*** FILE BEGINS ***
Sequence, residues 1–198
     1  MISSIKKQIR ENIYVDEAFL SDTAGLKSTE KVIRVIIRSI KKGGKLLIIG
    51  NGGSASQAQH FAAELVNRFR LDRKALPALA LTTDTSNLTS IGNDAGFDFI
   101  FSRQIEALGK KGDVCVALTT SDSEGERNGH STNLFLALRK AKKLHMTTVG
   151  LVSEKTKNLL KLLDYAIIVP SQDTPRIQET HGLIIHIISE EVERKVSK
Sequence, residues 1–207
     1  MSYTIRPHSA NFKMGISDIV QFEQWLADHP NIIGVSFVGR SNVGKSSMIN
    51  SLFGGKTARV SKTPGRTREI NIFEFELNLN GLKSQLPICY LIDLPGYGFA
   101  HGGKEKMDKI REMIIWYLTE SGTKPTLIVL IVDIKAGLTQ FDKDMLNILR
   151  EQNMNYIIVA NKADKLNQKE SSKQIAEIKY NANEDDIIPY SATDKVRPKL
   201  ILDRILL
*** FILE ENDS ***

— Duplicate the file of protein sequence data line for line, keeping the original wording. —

Sequence, residues 1–198
     1  MISSIKKQIR ENIYVDEAFL SDTAGLKSTE KVIRVIIRSI KKGGKLLIIG
    51  NGGSASQAQH FAAELVNRFR LDRKALPALA LTTDTSNLTS IGNDAGFDFI
   101  FSRQIEALGK KGDVCVALTT SDSEGERNGH STNLFLALRK AKKLHMTTVG
   151  LVSEKTKNLL KLLDYAIIVP SQDTPRIQET HGLIIHIISE EVERKVSK
Sequence, residues 1–207
     1  MSYTIRPHSA NFKMGISDIV QFEQWLADHP NIIGVSFVGR SNVGKSSMIN
    51  SLFGGKTARV SKTPGRTREI NIFEFELNLN GLKSQLPICY LIDLPGYGFA
   101  HGGKEKMDKI REMIIWYLTE SGTKPTLIVL IVDIKAGLTQ FDKDMLNILR
   151  EQNMNYIIVA NKADKLNQKE SSKQIAEIKY NANEDDIIPY SATDKVRPKL
   201  ILDRILL